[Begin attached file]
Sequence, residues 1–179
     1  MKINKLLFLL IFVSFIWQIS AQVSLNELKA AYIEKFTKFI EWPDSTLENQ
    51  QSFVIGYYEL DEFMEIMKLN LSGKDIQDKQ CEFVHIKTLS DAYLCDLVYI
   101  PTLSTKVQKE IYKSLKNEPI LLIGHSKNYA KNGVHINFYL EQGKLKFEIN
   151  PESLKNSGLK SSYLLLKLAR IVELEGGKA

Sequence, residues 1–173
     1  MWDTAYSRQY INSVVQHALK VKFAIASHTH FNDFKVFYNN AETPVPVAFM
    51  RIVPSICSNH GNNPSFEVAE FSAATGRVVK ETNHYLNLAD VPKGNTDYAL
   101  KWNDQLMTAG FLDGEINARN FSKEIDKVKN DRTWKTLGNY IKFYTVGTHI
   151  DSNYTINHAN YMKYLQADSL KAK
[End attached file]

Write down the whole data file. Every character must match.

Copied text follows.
Sequence, residues 1–179
     1  MKINKLLFLL IFVSFIWQIS AQVSLNELKA AYIEKFTKFI EWPDSTLENQ
    51  QSFVIGYYEL DEFMEIMKLN LSGKDIQDKQ CEFVHIKTLS DAYLCDLVYI
   101  PTLSTKVQKE IYKSLKNEPI LLIGHSKNYA KNGVHINFYL EQGKLKFEIN
   151  PESLKNSGLK SSYLLLKLAR IVELEGGKA

Sequence, residues 1–173
     1  MWDTAYSRQY INSVVQHALK VKFAIASHTH FNDFKVFYNN AETPVPVAFM
    51  RIVPSICSNH GNNPSFEVAE FSAATGRVVK ETNHYLNLAD VPKGNTDYAL
   101  KWNDQLMTAG FLDGEINARN FSKEIDKVKN DRTWKTLGNY IKFYTVGTHI
   151  DSNYTINHAN YMKYLQADSL KAK